• chemoinformatics. The Open Source community (e.g. Blue Obelisk) supports both current (legacy) formats (SMILES, Mol) etc. and also CML/InChI. This can provide a smooth path towards the wider adoption of these newer approaches, including toolkits. The toolkits are free, which some see as a disadvantage, in which case you will have to convince the commercial suppliers to create them.
  • publishing. Commercial publishing is universally based on XML (and variants) so it is easy for them to include CML and related systems. I won't give details but I'd be surprised if there weren't major changes in the next 2-3 years here which I hope will answer some of the obejctions raised here.

There are also general major drivers elsewhere for the abandonment of legacy formats. They include the semantic web, RSS, institutional repositories, archival, etc. These efforts require interoperability and freely available tools - you can't archive - say - a binary chemistry file and expect it to be readable in 5 years time. There are a lot of people to whom that matters.

So I'm not telling anyone to do anything - I'm putting ideas, protocols and tools where they may wish to pick them up. If 5% of a community is enthusiastic that's a good beginning. It worries me that the pharma industry has no concept of interoperability. But I've said that already.

What is a chemical compound? and what's a label

Steve Bachrach poses an interesting question on the CHMINF-L list. I have omitted the citations and some other material - you can read the archive if necessary.

I have run into an interesting chemical problem that has led to both theoretical and applied database questions. I am hoping that some of the experts on the list can shed some light.
I have been looking into the recent controversy concerning the structure of (+)-hexacyclinol. This compound was first isolated in 2002 by Graefe et al who proposed a structure for it.... La Clair recently synthesized this structure, or it least reportedly so. [SB: By the way - do a google search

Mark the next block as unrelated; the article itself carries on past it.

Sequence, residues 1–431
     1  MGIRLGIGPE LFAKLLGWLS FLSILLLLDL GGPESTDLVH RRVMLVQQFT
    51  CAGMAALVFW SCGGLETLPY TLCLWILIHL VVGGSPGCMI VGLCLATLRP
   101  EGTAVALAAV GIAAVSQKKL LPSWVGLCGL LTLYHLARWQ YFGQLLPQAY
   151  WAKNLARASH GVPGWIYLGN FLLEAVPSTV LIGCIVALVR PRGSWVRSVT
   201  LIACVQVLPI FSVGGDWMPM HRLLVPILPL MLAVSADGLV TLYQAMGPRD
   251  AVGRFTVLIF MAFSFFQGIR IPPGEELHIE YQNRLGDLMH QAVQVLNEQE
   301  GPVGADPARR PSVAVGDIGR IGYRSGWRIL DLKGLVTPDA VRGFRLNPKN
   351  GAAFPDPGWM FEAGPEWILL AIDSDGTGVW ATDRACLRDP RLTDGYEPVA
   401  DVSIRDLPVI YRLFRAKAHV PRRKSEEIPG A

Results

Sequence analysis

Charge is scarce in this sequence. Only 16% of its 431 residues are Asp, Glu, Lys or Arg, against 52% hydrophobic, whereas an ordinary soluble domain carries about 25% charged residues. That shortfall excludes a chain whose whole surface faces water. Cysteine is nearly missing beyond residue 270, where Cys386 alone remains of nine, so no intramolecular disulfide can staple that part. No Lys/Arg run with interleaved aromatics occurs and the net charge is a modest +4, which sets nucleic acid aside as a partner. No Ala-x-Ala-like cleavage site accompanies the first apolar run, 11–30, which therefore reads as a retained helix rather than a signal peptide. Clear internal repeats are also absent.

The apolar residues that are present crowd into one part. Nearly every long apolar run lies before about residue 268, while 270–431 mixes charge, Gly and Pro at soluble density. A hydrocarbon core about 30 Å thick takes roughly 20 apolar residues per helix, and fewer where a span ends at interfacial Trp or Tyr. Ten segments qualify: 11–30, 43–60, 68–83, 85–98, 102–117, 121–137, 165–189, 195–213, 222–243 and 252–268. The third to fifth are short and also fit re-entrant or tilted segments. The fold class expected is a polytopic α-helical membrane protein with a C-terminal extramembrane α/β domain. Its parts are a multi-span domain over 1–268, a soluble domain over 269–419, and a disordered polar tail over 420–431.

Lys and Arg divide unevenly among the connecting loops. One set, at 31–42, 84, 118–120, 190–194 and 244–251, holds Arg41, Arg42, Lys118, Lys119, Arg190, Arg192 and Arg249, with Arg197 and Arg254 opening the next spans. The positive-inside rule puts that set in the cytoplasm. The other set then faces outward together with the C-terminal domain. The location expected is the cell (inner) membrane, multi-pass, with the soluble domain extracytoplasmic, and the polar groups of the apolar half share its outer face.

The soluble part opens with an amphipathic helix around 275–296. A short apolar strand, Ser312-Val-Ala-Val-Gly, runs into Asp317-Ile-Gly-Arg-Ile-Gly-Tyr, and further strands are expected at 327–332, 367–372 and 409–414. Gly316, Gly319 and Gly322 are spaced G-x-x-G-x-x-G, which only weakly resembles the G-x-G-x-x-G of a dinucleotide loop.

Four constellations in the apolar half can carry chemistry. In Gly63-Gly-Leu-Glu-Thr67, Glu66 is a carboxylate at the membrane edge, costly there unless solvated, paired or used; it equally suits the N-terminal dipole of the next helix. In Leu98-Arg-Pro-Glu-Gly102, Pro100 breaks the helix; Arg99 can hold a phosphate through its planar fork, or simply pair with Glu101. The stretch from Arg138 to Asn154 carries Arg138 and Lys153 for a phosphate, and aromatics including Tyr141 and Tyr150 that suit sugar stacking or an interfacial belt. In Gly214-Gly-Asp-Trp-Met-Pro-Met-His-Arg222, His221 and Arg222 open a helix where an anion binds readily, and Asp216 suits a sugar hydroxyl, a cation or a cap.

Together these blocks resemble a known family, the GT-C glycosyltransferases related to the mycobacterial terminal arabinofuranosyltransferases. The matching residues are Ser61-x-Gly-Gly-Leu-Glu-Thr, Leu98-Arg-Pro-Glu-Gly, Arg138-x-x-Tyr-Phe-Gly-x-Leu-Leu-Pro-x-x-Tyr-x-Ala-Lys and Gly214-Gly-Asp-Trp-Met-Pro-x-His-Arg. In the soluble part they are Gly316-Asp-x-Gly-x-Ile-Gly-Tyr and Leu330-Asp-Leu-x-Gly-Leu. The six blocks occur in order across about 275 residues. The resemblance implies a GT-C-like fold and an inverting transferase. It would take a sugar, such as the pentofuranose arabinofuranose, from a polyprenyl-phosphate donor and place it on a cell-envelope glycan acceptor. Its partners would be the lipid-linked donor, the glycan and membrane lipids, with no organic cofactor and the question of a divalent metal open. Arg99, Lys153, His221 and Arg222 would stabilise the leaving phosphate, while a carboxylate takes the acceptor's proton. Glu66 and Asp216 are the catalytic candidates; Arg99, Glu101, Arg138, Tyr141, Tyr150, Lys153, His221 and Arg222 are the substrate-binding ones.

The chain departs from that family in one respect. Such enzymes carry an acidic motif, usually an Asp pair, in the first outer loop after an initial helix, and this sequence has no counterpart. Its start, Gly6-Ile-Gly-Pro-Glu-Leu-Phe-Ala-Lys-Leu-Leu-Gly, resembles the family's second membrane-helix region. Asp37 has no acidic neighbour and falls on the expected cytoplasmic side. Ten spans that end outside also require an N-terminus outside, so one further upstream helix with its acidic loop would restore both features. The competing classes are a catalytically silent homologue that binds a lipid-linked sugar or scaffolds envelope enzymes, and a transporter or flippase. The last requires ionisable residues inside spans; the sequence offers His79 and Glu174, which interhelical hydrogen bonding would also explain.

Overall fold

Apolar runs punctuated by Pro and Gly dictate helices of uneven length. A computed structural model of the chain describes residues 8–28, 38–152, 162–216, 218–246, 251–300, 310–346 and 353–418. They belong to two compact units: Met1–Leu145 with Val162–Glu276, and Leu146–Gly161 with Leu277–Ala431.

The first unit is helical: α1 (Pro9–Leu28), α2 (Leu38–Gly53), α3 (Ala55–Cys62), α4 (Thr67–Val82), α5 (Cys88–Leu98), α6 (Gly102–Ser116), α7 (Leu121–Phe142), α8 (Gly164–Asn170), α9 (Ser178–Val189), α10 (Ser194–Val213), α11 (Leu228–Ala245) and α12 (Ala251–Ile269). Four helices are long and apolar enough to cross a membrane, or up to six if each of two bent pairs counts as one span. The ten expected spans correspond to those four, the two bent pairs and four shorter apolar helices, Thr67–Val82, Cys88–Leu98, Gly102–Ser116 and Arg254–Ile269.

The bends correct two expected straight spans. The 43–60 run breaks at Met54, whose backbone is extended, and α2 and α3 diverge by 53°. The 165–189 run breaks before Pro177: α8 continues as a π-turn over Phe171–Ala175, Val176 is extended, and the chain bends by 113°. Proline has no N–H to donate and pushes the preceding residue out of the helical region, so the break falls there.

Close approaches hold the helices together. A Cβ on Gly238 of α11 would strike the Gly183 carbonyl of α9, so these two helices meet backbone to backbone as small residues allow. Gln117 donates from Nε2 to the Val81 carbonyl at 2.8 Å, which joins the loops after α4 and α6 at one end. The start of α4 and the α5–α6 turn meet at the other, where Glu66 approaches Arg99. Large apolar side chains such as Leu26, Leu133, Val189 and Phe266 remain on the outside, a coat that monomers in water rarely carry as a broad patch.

on hexacyclinol so see how the blogosphere responded to this problem.] Then Rychnovsky ...proposed an alternative structure for (+)-hexacyclinol, which was subsequently synthesized and confirmed to be identical to the original natural product
(PMR: yes the blogosphere is worth reading, e.g. Totally Synthetic (blogroll) and Tenderbutton (but this is now password-only).
So here is first my theoretical question: How do you index such a situation? The original structure of the molecule (+)-hexacyclinol is wrong, and a subsequent one is right. So, when you query a database, which structure matches up with the name "(+)-hexacyclinol"? My guess is that it should be the correct one - but then what do you do with the old
structure? Obviously, this is not the first, nor will it be the last, compound whose structure in contested.
Now here is the more applied aspect. A search in SciFinder for (+)-hexacyclinol gives CA 484674-97-7, which is the original (and, we now know, wrong!) structure. Querying for the papers that have this structure returns the Grafe, La Clair and Rychnovsky papers, but not the Porco paper. But entering the "true" hexcyclinol structure and then doing a search locates 2 structures CA 903574-41-4 and CA 903574-42-5, which look to me to be identical. Furthermore, the only paper that is linked to these "two" structures is the Rychnovsky paper. In other words, the Porco paper that reports the actual synthesis and x-ray structure of hexacyclinol does not have any hexacyclinol structure(s)